Alfonso Martinez had been practicing law for less than a year when he received the letter last August: The State Bar was auditing him for compliance with its Minimum Continuing Legal Education (MCLE) requirements. "It was unheard of," says Martinez, an associate at Dion Law Office in Westlake Village. "I showed the letter to my buddies from law school and to people who had been practicing law for over ten years. No one had ever seen anything like it."
Martinez's confusion is typical. The State Bar of California only started auditing lawyers to ensure compliance with MCLE requirements in 2011, referring them for discipline if needed. In 2012 it audited 5 percent of the lawyers required to report their credits. This year the State Bar plans to audit twice as many.
"When we see the first [disciplinary] case published, I think membership will get the notice and we'll start to see a remedial effect," says Paul Virgo, of counsel with the Century Law Group, who specializes in defending attorneys in investigations and regulatory proceedings. He noted anecdotally that most of the lawyers snared by the audit were more experienced, long-time practitioners.
Martinez, fortunately, was in compliance and had the paperwork to prove it. But many lawyers were caught off guard by the latest round of audits.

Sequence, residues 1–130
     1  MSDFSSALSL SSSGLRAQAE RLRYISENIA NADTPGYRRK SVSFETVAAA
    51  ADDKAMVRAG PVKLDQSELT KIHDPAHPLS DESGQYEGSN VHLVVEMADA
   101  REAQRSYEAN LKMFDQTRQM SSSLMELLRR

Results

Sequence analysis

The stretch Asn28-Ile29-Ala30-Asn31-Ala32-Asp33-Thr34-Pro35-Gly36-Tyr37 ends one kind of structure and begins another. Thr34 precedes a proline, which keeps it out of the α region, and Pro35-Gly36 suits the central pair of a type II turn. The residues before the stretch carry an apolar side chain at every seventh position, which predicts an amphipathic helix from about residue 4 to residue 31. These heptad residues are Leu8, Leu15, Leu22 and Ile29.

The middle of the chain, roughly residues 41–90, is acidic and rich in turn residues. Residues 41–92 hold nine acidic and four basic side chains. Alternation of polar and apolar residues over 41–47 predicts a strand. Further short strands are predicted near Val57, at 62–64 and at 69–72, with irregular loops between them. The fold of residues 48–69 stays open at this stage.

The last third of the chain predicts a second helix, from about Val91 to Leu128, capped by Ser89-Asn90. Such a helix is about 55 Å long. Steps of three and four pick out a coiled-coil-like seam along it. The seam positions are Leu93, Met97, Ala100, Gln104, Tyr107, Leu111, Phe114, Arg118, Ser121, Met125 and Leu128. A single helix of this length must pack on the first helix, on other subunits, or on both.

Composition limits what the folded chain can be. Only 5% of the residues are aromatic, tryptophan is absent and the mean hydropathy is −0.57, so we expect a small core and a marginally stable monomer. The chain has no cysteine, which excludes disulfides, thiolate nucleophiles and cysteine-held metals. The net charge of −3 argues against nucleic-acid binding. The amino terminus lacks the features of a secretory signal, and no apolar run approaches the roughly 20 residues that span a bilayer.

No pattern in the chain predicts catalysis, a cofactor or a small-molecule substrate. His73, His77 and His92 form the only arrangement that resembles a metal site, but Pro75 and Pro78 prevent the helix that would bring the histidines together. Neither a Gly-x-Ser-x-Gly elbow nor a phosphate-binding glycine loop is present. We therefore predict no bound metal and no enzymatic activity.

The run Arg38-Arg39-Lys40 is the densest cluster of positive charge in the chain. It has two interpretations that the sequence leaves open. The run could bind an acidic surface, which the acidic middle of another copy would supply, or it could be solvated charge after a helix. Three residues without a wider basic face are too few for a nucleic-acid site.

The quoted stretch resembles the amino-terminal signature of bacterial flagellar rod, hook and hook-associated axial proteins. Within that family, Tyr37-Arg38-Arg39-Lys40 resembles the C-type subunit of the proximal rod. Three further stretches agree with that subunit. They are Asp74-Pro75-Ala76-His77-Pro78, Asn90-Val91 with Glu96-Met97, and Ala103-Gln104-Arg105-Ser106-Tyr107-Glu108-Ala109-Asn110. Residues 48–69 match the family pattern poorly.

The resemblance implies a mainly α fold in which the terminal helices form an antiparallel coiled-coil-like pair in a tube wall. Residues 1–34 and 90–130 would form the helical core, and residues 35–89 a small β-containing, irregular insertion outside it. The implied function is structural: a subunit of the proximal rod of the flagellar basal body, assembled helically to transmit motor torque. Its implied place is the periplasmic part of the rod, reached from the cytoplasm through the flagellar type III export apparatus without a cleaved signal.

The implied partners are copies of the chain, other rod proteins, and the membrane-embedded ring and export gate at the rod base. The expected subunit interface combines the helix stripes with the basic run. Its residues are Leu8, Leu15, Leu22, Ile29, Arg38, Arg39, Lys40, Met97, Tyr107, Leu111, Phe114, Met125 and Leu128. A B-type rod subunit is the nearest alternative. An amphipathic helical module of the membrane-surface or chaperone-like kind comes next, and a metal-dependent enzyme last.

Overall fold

"I've never talked to anyone who outright said they didn't comply with MCLE requirements," says Virgo. "My suspicion is that for years lawyers have been filing declarations without ever being audited, so the membership has been conditioned to not save records."
If a lawyer admits to falling short of the MCLE requirements, the consequences are minimal: just a fine of $75 and an admonishment to get in line. Bigger problems come when a lawyer claims to have completed the requirements but can't prove it. In such cases the State Bar likely will file an action accusing the lawyer of lying and moral turpitude.
"You cannot be disbarred for failure to take MCLE," says Jerome Fishkin, a Walnut Creek legal ethics attorney. "But you can be disbarred for lying about it."
Fishkin says most lawyers prosecuted over MCLE compliance will likely be reprimanded or face suspensions of 30 days to six months. Fishkin has received calls from about five audited lawyers seeking consultations since last fall.
"The important thing now is to keep accurate records forever," says Virgo. "And do not sign the [compliance] declaration unless you've proven to yourself that you really have that evidence."